MEDIA

Laura Ingraham Would 'Seriously Consider' White House Press Secretary Job

But other names making the rounds include the RNC's Sean Spicer, Trump team's Jason Miller and Daily Mail's David Martosko.
Laura Ingraham, who spoke at the Republican National Convention, is under consideration to become White House press secretary
Laura Ingraham, who spoke at the Republican National Convention, is under consideration to become White House press secretary, a source confirmed.

Conservative radio host Laura Ingraham is under consideration to become White House press secretary, a source confirmed to The Huffington Post.

Ingraham, an author and Fox News contributor who runs the site LifeZette, told Fox News host Tucker Carlson on Monday that she’s “honored” to be in the running. The Hill first reported Ingraham was being seriously considered for press secretary, a role she acknowledged would be an adjustment from freely giving her own opinions to channeling the White House’s message. She’d also presumably take a pay cut if giving up radio, TV and book deals for a roughly $176,000 government salary. 

Still, Ingraham signaled being open to it. “I’m at the point where if my country needs me, and if I could do something to actually advance the Trump agenda, which is stuff I’ve written about now for 15 years with trade and immigration and just renewing America, I’d have to seriously consider that,” she said on Fox News. 

Journalists have reason to be concerned about covering Donald Trump’s White House given how the president-elect blacklisted news organizations during the campaign and vilified the press. As president-elect, Trump has already limited access by not allowing a small pool of journalists to travel with him, as has been tradition. 

So whom Trump chooses for press secretary will be seen as an indication of how his administration plans to engage with journalists. The selection of Ingraham would suggest a more combative relationship given her past criticism of the media. In recent months, she said major news organizations were part of “a super-duper PAC” for Democrat Hillary Clinton, claimed debate moderators were biased, and joked about people in the media “wearing black” if Trump were elected.

Another option for the Trump team is turning to the press corps for a candidate who would take questions daily from the press. Former Time magazine writer Jay Carney joined the Obama administration shortly after the 2008 election as spokesman for Vice President Joe Biden and shifted three years later to become White House press secretary.

Journalist David Martosko has been discussed as a candidate for press secretary. 
Journalist David Martosko has been discussed as a candidate for press secretary. 

David Martosko, the U.S. political editor for the Daily Mail, has been discussed as a candidate for press secretary, according to sources with knowledge of the situation.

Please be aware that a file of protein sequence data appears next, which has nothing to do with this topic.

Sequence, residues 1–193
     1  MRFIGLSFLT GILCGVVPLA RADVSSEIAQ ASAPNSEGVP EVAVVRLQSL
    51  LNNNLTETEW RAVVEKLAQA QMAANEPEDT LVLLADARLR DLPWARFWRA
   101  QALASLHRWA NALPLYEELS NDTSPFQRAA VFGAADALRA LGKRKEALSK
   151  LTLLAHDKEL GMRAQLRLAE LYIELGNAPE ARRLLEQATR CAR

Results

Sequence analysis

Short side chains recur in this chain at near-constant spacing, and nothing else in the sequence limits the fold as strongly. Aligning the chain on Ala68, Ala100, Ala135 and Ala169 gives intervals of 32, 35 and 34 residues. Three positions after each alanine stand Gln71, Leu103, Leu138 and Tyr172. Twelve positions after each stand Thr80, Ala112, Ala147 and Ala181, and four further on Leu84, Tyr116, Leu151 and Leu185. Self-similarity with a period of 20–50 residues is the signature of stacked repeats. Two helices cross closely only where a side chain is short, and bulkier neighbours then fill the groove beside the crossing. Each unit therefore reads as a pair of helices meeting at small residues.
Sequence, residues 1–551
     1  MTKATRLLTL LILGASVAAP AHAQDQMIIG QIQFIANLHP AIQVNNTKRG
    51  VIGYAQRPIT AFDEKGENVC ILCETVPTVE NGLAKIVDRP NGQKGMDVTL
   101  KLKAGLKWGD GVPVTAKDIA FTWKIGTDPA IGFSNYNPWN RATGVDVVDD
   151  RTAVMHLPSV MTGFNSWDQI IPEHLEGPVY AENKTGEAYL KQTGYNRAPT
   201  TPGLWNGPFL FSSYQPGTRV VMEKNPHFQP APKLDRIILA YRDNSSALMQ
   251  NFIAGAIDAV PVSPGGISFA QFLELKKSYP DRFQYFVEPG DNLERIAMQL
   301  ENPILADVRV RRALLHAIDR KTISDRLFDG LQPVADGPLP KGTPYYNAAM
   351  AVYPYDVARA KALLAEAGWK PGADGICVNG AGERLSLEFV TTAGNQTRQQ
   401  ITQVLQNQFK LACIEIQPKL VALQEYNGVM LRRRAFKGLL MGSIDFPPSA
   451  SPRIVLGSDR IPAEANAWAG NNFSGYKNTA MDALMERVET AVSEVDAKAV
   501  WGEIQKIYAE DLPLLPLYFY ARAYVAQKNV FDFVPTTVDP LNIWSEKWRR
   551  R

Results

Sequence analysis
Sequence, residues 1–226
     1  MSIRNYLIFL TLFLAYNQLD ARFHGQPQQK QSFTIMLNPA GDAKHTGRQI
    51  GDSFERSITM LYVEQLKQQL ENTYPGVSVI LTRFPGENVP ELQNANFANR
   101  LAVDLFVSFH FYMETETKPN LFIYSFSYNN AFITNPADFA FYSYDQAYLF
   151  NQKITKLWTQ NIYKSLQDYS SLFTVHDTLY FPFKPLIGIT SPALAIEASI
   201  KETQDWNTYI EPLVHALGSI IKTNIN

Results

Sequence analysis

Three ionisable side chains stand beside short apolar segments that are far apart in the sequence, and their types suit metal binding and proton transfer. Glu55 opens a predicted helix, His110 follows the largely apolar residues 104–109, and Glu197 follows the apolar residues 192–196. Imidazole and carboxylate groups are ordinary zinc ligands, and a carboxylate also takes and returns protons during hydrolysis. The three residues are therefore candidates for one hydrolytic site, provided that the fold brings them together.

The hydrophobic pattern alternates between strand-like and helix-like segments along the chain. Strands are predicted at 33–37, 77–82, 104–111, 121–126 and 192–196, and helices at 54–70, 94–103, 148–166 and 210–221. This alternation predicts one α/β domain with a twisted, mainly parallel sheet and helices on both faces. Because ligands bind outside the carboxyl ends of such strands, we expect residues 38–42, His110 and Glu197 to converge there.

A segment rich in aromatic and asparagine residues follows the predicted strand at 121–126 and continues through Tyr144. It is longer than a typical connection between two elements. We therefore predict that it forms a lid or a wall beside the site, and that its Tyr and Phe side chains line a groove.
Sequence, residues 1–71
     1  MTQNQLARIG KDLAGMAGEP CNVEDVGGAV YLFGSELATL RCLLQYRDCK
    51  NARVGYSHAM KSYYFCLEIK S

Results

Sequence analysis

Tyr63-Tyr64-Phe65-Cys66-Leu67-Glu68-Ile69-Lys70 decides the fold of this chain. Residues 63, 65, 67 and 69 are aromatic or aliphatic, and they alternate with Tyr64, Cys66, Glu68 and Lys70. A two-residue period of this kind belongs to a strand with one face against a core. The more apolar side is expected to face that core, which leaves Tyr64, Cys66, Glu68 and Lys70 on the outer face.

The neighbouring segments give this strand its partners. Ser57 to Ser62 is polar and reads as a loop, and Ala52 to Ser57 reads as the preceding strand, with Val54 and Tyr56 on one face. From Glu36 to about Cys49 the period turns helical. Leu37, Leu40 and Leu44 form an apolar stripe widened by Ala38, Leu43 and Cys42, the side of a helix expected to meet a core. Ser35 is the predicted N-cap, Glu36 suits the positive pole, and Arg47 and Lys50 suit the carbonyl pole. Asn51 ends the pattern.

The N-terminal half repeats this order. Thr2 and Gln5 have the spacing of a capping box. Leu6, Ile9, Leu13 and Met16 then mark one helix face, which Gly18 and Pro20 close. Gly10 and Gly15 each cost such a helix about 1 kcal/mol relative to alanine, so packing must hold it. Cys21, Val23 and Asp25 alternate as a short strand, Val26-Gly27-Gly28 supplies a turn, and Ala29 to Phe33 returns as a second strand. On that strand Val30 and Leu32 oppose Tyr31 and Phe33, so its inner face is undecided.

Martosko spent most of his career in public relations before joining conservative news and opinion site The Daily Caller in 2011 and the Daily Mail two years later.

In covering the 2016 election, Martosko has developed relationships with political reporters that could be an asset if the Trump White House tries making inroads with the press. He’s familiar with journalists’ access concerns, having been denied the opportunity to serve as the pool reporter at an early Clinton event. More recently, he vented alongside other frustrated reporters after Trump began a rally before the traveling press arrived. 

Martosko declined to comment on the press secretary position.

Even though Martosko’s name is making the rounds, Trump spokeswoman Hope Hicks indicated to HuffPost that ― contrary to sources ― he’s not in the running. 

“David Martosko, while a talented journalist, is not under consideration,” she said. 

Sean Spicer is reportedly in the running for press secretary.
Sean Spicer is reportedly in the running for press secretary.

Trump could follow the path of other Republican and Democratic White Houses and select a veteran communications official. 

Fox News reported that Republican National Committee Communications Director Sean Spicer and Trump transition Communications Director Jason Miller are also under consideration.

Spicer has long-running relationships with Washington reporters, but is also not shy about aggressively calling out news organizations for unfavorable coverage. He also proved to be a reliable and enthusiastic Trump defender even as some in the party withheld support. 

Miller, a former senior communications adviser for Sen. Ted Cruz (R-Texas), joined the Trump campaign in June to beef up a press operation that was being run almost single-handedly by Hicks. 

HuffPost

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